I would love to give hints here about some of the surprises that await you in the new book, but I truly suck at hinting. I either don’t give enough information, or I tell far too much. I will run hints by my agent and editor and see if we can come up with some that don’t give away too much, but for a Sunday lets let all the hardworking people in New York have their day of rest.

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Affliction is Done!

I thought I posted this two weeks ago, but apparently not. *laughs* We were both pretty fried for the week after I finished Affliction, but then Jon and I went for a week’s vacation some place warm and tropical. We snorkeled in the open ocean and it was wondrous. We did a lot of fun, relaxing, and spirit renewing things for our week and a day, now I finally post the blog I wrote just after I typed, The End, on Affliction the 22nd novel in the Anita Blake series.

I finished writing Affliction, the newest Anita Blake novel, at twenty minutes till dawn on Sunday/Monday morning. Jon wanted to wait those minutes and watch the sunrise together. Jon doesn’t normally stay up for the 0’dark-thirty finishes and I was still riding an incredible writer’s high, so agreed happily. We found the perfect window in my office, wrapped our arms around each other, and waited. The sky lightened and turned to streamers of pink and purple to the east, with the bare winter trees like black paper cutouts against the light, but Jon said, it wasn’t dawn yet. Though we both agreed that any vampires out and about would need to be worried and headed for cover. In the growing light we saw the Great Horned Owl silhouetted between the darkness and the dawn. It was this huge black outline in one of the trees near my office. You forget how big he is, until you see him like that, big as a large Red-Tailed hawk, hunched and waiting for the light, or maybe settling down for the day? And yes, I’m pretty sure he is the male, because the slightly larger female must be sitting on their eggs if they’re going to have them. They are both very big birds even for Great Horned Owls.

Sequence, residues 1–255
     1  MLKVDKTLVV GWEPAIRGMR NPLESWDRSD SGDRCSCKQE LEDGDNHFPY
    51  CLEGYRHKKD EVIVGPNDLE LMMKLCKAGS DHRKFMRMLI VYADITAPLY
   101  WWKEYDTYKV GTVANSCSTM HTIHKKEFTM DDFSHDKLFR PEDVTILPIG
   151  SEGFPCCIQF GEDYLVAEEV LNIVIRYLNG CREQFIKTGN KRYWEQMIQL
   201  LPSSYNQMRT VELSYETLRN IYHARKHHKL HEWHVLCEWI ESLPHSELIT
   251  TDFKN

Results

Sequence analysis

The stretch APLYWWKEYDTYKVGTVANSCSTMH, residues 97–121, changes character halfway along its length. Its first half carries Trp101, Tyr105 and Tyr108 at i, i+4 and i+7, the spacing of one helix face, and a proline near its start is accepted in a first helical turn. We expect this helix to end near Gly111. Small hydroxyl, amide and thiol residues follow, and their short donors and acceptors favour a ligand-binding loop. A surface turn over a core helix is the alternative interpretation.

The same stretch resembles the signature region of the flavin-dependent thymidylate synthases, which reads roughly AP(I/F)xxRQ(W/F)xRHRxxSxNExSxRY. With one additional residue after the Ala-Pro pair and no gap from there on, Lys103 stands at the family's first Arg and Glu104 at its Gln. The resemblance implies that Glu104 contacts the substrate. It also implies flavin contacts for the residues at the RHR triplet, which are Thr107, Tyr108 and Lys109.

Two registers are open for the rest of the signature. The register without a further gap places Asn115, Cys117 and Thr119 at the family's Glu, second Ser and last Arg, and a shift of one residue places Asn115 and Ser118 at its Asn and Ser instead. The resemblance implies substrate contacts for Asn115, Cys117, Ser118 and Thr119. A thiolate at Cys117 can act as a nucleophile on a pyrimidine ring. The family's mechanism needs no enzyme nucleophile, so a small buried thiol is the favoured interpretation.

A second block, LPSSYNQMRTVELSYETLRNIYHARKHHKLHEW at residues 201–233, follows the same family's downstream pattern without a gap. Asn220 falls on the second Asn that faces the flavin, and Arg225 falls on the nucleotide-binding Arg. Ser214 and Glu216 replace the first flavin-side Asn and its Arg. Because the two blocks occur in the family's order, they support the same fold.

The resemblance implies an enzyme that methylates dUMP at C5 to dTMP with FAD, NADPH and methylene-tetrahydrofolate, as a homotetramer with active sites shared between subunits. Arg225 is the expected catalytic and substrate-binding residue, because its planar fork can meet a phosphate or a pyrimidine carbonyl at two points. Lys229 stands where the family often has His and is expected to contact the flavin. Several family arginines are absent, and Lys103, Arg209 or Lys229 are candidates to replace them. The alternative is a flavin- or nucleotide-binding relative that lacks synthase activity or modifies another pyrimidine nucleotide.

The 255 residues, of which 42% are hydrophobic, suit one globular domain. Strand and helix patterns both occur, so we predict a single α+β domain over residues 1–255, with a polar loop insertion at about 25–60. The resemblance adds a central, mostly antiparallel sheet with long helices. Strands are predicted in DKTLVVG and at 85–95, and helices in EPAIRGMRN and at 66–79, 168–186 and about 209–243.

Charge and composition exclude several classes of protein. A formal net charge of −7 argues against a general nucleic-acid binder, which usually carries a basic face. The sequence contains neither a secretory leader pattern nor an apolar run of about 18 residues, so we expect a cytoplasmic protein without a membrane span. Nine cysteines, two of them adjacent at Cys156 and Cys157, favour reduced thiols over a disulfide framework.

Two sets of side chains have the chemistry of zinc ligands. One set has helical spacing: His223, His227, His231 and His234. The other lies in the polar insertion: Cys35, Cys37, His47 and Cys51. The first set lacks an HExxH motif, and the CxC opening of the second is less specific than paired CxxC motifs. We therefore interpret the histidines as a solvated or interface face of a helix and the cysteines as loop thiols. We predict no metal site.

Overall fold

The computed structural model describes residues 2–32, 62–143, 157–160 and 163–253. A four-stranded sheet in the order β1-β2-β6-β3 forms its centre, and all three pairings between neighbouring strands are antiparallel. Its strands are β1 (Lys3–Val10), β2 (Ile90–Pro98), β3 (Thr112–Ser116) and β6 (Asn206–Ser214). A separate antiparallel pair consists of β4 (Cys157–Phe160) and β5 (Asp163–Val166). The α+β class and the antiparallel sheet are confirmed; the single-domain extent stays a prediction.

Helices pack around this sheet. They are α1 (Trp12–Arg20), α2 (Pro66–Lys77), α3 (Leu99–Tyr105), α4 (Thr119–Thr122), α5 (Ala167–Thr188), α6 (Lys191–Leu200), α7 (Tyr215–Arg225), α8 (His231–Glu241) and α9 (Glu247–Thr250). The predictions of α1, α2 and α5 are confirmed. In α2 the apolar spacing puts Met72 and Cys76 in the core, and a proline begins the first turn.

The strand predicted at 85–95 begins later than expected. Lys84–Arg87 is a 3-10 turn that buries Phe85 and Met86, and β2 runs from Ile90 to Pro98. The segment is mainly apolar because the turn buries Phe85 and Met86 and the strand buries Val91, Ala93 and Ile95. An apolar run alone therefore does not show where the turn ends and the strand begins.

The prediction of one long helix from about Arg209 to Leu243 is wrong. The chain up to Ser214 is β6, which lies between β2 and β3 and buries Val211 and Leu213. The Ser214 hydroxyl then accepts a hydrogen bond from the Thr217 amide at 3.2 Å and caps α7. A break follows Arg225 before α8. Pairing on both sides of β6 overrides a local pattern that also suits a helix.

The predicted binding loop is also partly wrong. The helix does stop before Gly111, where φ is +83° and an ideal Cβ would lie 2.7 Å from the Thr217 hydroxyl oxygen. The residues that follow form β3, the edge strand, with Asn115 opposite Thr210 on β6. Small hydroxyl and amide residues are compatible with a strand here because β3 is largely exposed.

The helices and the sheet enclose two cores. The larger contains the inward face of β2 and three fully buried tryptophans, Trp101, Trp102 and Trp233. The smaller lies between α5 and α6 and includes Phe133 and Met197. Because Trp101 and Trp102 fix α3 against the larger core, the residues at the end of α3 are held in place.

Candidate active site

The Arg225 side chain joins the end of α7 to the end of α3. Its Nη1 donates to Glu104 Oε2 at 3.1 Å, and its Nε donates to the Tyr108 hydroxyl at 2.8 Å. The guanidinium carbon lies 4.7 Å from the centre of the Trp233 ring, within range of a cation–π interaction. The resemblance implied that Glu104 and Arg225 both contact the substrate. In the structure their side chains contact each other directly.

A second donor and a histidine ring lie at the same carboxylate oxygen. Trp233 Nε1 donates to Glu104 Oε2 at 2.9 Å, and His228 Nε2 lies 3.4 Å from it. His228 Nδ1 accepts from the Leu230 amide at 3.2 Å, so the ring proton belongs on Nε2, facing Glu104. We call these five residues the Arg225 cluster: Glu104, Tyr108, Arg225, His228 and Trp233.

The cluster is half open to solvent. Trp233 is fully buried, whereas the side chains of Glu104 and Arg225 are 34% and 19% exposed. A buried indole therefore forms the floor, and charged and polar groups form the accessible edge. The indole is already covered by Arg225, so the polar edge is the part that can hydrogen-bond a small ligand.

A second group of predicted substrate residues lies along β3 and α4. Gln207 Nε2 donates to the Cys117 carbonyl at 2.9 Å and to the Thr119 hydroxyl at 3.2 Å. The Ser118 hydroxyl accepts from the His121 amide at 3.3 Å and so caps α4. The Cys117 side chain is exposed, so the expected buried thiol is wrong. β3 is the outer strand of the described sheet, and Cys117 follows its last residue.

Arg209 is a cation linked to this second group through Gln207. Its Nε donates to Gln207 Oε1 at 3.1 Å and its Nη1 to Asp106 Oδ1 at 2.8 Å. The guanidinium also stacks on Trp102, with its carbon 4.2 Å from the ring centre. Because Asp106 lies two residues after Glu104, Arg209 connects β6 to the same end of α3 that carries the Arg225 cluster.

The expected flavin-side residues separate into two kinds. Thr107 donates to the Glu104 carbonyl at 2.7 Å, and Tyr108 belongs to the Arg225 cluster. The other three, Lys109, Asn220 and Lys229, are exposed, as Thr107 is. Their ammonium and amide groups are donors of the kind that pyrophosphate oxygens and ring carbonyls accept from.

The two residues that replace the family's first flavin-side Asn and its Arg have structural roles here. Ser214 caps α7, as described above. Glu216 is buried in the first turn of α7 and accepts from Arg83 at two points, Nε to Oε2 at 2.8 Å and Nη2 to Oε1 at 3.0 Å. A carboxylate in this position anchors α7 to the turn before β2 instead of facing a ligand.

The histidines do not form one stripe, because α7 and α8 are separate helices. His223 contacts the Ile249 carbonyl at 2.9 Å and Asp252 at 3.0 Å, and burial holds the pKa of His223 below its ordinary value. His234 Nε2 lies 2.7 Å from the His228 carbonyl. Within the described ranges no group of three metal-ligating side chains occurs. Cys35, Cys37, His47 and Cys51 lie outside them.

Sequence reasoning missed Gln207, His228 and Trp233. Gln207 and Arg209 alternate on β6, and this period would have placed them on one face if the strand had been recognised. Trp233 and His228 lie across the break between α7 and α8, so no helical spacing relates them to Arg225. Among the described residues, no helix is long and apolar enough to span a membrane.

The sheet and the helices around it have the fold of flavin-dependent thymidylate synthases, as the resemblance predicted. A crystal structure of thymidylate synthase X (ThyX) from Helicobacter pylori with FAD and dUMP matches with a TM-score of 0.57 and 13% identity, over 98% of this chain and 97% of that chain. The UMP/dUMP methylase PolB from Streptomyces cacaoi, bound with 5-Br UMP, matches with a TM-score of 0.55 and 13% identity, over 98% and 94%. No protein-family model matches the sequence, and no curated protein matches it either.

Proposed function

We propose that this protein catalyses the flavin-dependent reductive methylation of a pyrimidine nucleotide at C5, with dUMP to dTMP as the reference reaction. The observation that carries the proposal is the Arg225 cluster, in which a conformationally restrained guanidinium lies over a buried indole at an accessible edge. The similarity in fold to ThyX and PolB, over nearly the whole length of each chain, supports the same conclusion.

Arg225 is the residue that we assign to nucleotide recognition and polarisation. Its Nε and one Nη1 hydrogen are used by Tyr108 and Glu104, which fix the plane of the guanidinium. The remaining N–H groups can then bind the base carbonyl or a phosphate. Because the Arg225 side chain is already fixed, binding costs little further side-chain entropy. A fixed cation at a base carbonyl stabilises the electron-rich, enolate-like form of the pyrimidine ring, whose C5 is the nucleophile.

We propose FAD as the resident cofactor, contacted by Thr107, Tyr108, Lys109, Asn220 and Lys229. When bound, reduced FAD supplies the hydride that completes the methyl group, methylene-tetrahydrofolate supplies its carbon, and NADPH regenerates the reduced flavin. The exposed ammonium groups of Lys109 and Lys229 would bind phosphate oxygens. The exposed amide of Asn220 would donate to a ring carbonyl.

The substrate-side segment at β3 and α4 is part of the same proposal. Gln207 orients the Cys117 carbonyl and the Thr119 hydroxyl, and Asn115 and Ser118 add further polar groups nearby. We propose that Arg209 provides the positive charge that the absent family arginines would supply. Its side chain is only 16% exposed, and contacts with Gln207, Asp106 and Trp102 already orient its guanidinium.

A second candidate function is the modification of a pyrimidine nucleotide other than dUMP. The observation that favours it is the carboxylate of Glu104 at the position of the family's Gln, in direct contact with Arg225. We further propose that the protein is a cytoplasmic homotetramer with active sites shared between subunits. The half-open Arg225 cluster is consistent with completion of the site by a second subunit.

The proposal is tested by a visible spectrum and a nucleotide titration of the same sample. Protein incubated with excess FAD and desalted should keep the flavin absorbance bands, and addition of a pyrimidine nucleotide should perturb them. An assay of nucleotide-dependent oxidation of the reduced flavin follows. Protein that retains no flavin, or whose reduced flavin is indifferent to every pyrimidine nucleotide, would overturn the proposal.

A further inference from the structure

I admit that by the time that the sun rose and the sky was blue, I was tired and ready for bed. I’d finished a twenty hour day of writing with only short breaks for food. I’ve done those marathon sessions before. In fact most Anita novels finish in a great burst of time, energy, and creativity, but for the last several books of any kind including Merry Gentry novels I’d ended drained and half in shock left like an empty shell on the shore, spent, but not this time. This time I am more energized, and less dead, more vampire, less zombie. :-) In a few days I feel that I may rise to shapeshifter and feel all warm and fuzzy again, but for now I’m just happy to feel good about the book, the writing, my life, myself, all of it. Really, when all is said and done, what could be better?

Why I Threw Out Everything I Wrote Yesterday

So many of you wrote in and feared for the lovers in Anita’s life. They are in peril. This promises to be a very hard book, but two days ago it wasn’t that kind of trauma for Anita and me. She did her duty. She stayed at her post. She made the hard call in the midst of death and violence. She was a good cop, a good soldier, a good . . . she did her duty. She did not panic. It ended up with her in the hospital and it cost her the life of someone she valued. It also cost the lives of good men and women who stood shoulder to shoulder against the great bad thing. There are losses that aren’t about romantic love. There are losses that are about a different kind of love. The people that will go into the bad place with you and not panic, but stay at your side shooting, fighting, risking it all for the goal, the objective, the mission, but there will always be moments that come down to just surviving. The men and women who stay with you through something like that – you love them. They love you. It’s not romantic love, but it is a bond that will make you answer a phone a decade later and say, “What do you need? What can I do?”